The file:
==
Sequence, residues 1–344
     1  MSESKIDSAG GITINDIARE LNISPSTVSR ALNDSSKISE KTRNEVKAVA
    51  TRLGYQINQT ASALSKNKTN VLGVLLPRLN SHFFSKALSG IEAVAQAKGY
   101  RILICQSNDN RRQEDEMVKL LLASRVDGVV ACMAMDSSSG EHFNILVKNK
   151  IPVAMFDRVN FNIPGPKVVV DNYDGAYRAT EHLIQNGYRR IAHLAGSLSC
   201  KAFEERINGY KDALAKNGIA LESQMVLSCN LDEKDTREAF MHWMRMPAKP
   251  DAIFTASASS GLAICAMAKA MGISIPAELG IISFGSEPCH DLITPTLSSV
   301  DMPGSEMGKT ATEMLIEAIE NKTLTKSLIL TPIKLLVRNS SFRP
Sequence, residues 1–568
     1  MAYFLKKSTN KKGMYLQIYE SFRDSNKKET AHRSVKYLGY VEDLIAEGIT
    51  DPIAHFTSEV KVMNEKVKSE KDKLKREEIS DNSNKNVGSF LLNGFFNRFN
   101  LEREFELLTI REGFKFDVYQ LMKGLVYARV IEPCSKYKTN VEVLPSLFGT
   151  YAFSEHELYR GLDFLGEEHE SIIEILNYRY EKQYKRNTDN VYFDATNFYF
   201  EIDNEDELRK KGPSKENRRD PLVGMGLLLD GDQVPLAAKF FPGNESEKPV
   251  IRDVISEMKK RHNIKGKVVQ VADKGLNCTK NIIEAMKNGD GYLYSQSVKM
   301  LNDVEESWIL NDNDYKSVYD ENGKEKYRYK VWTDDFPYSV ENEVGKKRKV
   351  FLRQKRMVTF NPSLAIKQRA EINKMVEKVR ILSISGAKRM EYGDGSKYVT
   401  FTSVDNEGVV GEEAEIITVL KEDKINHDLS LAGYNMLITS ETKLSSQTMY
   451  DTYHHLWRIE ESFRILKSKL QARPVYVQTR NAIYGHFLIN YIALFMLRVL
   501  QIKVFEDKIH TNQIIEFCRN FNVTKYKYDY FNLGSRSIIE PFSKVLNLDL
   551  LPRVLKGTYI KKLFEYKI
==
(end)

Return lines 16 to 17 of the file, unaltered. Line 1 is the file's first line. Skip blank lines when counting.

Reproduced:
   301  LNDVEESWIL NDNDYKSVYD ENGKEKYRYK VWTDDFPYSV ENEVGKKRKV
   351  FLRQKRMVTF NPSLAIKQRA EINKMVEKVR ILSISGAKRM EYGDGSKYVT